I grew up with a mother who was a jet engine mechanic. When I think of her, I think of greasy fingernails and engine oil. She wore a dress to church because her theology demanded it. She got a nose ring when she retired because she could. I think of intelligibility.
I learned how to hate shopping during adolescence, against the backdrop of a perennial argument over which section to buy my clothes in. She couldn’t bear to buy her only daughter (the only child) clothes in the men’s department. “They didn’t fit well” she reasoned, and when logic would fail her, she knew shame could always do the trick, “why don’t we just forgo the pants and save up for the operation.”
I never knew what the operation was. I knew it only as a cue. I was supposed to roll my eyes and laugh…to protest that, of course that wasn’t what I wanted. It was a mysterious character evoked to loom over my decisions. The operation was a threat placed precariously on the brink of desperation—hers and mine—when we entered into split-in-down-the-middle mall stores.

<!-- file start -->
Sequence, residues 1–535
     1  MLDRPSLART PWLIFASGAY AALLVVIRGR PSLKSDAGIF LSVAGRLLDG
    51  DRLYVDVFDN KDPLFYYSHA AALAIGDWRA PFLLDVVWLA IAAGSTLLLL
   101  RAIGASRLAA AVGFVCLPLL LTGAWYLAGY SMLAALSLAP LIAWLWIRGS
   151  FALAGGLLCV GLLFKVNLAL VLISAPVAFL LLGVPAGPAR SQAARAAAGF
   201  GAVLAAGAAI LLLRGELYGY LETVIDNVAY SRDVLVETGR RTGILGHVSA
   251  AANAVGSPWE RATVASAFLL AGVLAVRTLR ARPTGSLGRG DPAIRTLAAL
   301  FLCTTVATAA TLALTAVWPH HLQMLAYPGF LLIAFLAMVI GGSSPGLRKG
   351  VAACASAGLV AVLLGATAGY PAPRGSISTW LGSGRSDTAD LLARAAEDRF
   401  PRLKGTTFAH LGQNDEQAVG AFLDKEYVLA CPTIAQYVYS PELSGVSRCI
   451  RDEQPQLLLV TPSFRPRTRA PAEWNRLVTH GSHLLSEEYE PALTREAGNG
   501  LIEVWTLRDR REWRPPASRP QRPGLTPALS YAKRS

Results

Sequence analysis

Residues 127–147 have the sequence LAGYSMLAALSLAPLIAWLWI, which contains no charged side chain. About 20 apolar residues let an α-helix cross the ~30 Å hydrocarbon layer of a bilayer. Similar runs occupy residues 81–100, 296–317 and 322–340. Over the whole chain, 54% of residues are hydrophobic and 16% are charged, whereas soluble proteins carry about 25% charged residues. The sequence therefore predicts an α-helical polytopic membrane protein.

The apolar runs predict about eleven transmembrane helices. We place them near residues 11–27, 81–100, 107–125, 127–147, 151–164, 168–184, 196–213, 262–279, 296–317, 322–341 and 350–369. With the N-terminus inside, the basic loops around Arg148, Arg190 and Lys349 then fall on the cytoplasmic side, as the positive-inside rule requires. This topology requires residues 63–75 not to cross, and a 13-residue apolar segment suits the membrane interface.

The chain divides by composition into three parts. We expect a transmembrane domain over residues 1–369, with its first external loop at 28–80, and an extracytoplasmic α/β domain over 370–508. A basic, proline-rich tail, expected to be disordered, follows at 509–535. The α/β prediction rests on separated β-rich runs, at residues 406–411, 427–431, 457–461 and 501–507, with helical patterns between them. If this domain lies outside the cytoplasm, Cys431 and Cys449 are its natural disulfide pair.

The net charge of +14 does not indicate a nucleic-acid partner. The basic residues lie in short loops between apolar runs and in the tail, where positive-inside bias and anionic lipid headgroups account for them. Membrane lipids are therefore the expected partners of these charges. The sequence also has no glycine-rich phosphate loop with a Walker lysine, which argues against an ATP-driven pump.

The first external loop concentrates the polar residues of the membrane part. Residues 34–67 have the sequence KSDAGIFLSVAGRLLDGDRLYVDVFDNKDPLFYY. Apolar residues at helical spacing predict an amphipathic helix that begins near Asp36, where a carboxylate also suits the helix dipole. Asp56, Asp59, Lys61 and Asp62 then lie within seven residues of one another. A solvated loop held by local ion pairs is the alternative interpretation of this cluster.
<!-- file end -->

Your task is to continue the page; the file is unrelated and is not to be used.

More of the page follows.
I remember the day I told her I was jealous. She was admonishing me on how I’d need to grow up someday and wear woman’s clothes like an adult. “But Mom…you don’t,” I pointed out. She wore combat boots and dungarees to work. She got to shop in stores that didn’t even have a woman’s section. I felt more like her failure than my victory when we walked out of the store, cargo pants in hand, towards a silent ride home.